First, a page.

In a biogas plant, microorganisms biologically degradate the organic starting substances (substrate) under exclusion of light and oxygen. The product of this anaerobic degradation is a gas mixture which primarily consists of methane. This gas mixture is called biogas.
The experimental plant CE 642 serves to demonstrate the generation of biogas in a practical manner. The substrate is a suspension of shredded organic solids. It is hydrolysed and acidified in the first stirred tank reactor. Here, anaerobic microorganisms convert the long-chain organic substances into short-chain organic substances. The biogas forms in the second stirred tank reactor in the last step of the anaerobic degradation. It contains mainly methane and carbon dioxide. This two-stage method enables the ambient conditions to be adjusted and optimised in both reactors separately. The digestate is collected in a separate tank.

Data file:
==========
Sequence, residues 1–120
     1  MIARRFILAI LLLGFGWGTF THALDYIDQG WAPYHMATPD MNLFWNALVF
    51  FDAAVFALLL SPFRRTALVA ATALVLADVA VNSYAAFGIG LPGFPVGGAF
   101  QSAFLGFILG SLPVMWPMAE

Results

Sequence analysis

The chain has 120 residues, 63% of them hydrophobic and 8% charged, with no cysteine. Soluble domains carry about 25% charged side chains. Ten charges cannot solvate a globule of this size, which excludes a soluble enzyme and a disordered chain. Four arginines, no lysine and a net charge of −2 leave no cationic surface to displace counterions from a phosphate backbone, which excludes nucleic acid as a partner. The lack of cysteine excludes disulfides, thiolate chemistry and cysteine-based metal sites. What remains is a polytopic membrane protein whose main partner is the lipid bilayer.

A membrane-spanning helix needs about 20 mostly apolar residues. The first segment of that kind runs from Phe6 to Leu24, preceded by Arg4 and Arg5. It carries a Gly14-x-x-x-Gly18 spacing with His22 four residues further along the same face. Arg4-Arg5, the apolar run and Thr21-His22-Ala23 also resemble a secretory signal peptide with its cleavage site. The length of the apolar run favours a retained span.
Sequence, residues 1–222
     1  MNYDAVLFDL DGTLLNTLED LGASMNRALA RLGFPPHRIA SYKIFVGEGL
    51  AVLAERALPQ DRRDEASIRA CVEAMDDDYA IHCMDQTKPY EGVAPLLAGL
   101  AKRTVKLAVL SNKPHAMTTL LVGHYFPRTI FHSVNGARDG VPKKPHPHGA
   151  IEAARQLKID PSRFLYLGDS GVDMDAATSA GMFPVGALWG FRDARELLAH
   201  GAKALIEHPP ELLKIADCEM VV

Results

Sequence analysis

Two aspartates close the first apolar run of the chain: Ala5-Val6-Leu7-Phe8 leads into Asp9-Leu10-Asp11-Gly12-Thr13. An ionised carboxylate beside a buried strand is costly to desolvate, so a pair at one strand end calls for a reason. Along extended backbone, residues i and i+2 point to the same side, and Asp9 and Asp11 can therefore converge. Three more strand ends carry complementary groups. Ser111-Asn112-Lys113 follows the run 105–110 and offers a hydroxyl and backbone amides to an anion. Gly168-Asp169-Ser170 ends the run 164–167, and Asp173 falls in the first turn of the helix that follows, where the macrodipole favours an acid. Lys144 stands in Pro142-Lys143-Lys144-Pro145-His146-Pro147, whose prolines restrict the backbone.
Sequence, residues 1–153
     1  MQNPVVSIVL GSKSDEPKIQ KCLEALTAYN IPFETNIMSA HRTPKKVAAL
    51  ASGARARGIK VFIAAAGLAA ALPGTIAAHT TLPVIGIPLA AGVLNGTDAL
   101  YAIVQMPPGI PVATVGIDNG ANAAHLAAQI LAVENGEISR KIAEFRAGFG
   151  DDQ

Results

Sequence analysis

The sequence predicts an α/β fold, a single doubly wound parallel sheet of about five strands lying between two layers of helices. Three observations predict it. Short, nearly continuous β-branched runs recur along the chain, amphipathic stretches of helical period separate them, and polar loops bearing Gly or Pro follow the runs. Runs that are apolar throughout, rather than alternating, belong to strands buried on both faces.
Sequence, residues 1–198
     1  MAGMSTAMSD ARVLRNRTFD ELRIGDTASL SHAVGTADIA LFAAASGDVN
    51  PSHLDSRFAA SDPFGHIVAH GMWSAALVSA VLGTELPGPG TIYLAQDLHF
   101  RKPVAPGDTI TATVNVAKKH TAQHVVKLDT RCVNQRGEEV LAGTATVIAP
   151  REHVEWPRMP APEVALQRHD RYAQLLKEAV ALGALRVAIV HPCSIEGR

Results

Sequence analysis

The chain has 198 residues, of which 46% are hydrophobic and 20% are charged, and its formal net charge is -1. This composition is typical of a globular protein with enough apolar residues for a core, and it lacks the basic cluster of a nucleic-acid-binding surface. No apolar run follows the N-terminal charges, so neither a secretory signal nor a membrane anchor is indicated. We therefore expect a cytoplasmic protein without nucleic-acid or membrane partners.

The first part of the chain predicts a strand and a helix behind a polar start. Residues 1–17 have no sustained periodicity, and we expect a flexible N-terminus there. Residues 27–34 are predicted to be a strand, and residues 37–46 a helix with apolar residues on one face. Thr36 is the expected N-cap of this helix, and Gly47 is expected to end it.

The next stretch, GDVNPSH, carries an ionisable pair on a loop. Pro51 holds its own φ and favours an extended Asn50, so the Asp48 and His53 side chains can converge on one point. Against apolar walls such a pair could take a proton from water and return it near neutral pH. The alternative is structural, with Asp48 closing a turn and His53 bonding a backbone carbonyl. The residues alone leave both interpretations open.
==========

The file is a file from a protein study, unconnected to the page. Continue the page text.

Temperature and pH value are controlled in both reactors. The resulting biogas is dried in a column. The column is filled with silica gel. Subsequently, the flow rate, humidity, methane content, carbon dioxide content and temperature of the biogas are measured. The system is controlled by means of a PLC which is operated via a touch screen. The measured values can be transmitted to a PC via USB and analysed with the GUNT software.
The experimental plant enables both a continuous and a discontinuous (batch) operation mode. Anaerobic biomass from a biogas plant is required for the experiments. E.g. potatoes or maize can be used to produce the substrate. An inert gas (e.g. carbon dioxide) is required to flush the experimental plant.